Summary: Christ comes to dwell in our messy, imperfect homes, just as they are, to build love, not a museum-like perfection.
A house is not a home. A house is not a home. A house is a house, and it may be lovely to look at and fine to visit, but a house, by itself, is not a home. What is the difference?
Let me tell you a tale of two houses. These are the best of houses, these are the worst of houses. See if you can tell me which is a home.
One of those houses is straight off the cover of Architectural Digest. Its floors gleam with fresh wax; its walls are bright with unspotted hues; its drapes, its paint, its furnishings are all color-coordinated, with not one clashing item. Tasteful accents are here and there, pretending to be random but actually carefully placed, not one centimeter to the left or the right. In this house, the climate-control system balances temperature, humidity, particle count, and the ozone level. The windows are specially treated with an electron layer that repels dust and haze both inside and out. The lighting is on sensors, so that as the day darkens, selected lights come up, slowly and gradually, keeping a soft glow in the room no matter what is happening outside. In fact, it little matters what happens outside, for the room is controlled, sealed off.
Across a carpet, on which, mysteriously, no footprints appear, stands a group of people. Their clothing coordinates with the decor of the room. They are elegantly accessorized, their teeth line up in perfect smiles, and their hair is styled and shaped. They are speaking with one another, but very carefully. Very cautiously. Cool; calm; and collected. They remind you of the answer to the old question, “How do porcupines hug each other?” “Very carefully.” That’s one house.
The other house is straight off the cover of Antiques Road Show. Its floors, so far as we can see them, could use attention, particularly where the dog’s toenails have scratched. Its walls have on them some small grimy hand-prints, about so high, and its furnishings are a mixed bag of early orange crate and later K-Mart. Its drapes sag a little, its paint is cracked here and there, and where the magazines have been piling up, there is a coffee cup, half empty, and a pizza box, half full. It’s a little dark, as one of the light bulbs is burned out, and the other is hidden by someone’s sweater, pitched over the lamp in a hurry to go answer the phone.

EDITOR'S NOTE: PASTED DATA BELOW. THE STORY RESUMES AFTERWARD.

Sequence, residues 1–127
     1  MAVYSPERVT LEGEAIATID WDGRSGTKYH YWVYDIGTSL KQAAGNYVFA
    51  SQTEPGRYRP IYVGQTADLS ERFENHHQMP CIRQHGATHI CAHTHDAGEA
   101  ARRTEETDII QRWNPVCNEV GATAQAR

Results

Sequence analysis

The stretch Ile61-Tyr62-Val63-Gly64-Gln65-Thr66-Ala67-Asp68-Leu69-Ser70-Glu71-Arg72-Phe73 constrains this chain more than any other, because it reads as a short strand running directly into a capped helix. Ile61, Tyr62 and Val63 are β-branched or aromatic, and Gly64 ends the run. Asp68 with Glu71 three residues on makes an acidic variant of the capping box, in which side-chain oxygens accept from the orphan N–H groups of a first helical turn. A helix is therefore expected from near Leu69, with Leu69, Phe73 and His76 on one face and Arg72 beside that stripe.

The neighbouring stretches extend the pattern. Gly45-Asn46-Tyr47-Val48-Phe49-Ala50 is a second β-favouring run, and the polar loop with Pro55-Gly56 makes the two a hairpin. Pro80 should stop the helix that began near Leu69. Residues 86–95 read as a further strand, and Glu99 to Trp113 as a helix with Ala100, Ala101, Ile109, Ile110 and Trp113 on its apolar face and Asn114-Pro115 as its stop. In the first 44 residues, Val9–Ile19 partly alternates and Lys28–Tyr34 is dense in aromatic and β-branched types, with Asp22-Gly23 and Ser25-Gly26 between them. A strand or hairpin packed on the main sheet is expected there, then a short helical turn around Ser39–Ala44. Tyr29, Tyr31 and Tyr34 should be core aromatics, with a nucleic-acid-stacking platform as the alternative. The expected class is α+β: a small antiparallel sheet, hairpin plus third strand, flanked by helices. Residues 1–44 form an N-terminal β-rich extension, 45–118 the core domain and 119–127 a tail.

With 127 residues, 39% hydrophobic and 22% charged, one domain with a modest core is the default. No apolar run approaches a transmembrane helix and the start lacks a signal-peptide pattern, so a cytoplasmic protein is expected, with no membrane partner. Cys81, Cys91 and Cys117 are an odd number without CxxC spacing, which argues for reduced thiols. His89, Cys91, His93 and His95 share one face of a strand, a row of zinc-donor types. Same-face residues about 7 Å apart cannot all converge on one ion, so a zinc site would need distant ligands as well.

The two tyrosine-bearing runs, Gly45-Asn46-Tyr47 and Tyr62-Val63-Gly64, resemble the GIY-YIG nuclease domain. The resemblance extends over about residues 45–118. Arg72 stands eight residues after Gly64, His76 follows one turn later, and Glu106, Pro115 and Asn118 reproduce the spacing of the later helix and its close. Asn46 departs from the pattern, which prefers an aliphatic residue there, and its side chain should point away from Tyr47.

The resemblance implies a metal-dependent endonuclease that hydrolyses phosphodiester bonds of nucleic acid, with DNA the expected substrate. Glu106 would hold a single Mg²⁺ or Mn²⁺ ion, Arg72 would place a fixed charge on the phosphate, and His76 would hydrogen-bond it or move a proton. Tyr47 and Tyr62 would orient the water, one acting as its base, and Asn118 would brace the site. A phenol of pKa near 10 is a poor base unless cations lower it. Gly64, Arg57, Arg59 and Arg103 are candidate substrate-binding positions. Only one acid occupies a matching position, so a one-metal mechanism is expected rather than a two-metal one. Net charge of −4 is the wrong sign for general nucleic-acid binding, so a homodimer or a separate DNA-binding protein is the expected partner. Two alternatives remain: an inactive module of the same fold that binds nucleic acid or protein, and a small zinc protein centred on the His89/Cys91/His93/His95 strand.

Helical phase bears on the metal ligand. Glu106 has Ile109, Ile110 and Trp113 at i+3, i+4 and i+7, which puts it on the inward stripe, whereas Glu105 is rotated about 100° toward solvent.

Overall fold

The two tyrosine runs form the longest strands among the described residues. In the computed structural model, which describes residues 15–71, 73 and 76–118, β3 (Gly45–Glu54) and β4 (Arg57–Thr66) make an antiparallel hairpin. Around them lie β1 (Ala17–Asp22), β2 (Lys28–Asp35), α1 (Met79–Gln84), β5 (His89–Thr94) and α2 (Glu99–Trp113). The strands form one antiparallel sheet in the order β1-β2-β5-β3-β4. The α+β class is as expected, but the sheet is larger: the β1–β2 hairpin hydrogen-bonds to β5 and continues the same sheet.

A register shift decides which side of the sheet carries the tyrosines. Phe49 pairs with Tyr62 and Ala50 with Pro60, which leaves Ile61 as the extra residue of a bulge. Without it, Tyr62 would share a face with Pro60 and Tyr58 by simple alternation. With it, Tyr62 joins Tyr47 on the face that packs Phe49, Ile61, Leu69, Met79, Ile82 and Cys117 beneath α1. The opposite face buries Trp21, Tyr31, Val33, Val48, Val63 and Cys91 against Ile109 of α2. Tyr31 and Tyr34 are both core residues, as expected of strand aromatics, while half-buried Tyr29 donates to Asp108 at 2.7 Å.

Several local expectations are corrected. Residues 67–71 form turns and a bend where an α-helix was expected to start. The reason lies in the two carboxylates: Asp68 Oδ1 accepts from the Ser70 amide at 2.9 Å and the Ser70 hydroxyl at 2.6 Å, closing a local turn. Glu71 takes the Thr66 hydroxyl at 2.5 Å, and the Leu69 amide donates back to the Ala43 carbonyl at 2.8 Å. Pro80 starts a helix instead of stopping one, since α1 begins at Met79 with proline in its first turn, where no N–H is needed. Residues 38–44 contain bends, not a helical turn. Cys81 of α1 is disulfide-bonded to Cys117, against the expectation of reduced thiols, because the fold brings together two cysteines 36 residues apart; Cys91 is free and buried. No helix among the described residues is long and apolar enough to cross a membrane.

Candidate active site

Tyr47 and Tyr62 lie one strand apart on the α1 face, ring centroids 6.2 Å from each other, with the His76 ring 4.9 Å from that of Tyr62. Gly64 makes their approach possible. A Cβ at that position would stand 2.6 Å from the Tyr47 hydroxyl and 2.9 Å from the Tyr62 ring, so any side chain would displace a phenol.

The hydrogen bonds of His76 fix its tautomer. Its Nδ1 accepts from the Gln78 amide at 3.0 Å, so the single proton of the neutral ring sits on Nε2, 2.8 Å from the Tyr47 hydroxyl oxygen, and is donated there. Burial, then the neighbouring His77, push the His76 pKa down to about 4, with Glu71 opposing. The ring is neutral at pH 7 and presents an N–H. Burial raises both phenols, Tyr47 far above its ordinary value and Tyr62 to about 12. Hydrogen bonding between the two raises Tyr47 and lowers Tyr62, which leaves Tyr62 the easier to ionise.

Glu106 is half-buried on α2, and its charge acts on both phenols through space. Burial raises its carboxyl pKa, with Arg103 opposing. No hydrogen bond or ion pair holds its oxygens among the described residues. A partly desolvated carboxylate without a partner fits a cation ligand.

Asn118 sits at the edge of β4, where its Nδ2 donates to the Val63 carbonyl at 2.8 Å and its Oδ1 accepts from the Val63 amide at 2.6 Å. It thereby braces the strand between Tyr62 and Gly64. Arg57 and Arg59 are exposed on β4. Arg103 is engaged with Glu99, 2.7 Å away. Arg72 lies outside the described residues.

On the other side of this room I see some people talking. It seems very animated. It’s loud; in fact, it’s an argument. They are raising their voices and waving their hands. One of them has her hands on her hips and is giving it the old foot-stomping effect. And another is shaking his head as vigorously as his old neck will allow. Sort of tense over there. Heated. Stressful!
Which of these houses is a home? Truly a home? I will not ask you which yours is like. I know which one mine is like; even though my wife was born with a paintbrush in her hand and remodeling dreams in her head, I know which one my house is like. For I know where home is. Home is where the stresses are brought and are dealt with. Home is not a museum-like perfection; home is where the issues of life get fought out, but they can be resolved, because home is where somebody loves you. Home is where somebody puts up with you. A house is just a shell, a showplace, a facade; a home, as the poet Robert Frost said, is where, when you go there, they have to take you in. A house is not a home. Hear the Hoosier poet James Whitcomb Riley, “It takes a heap o’ livin’ to make a house a home.”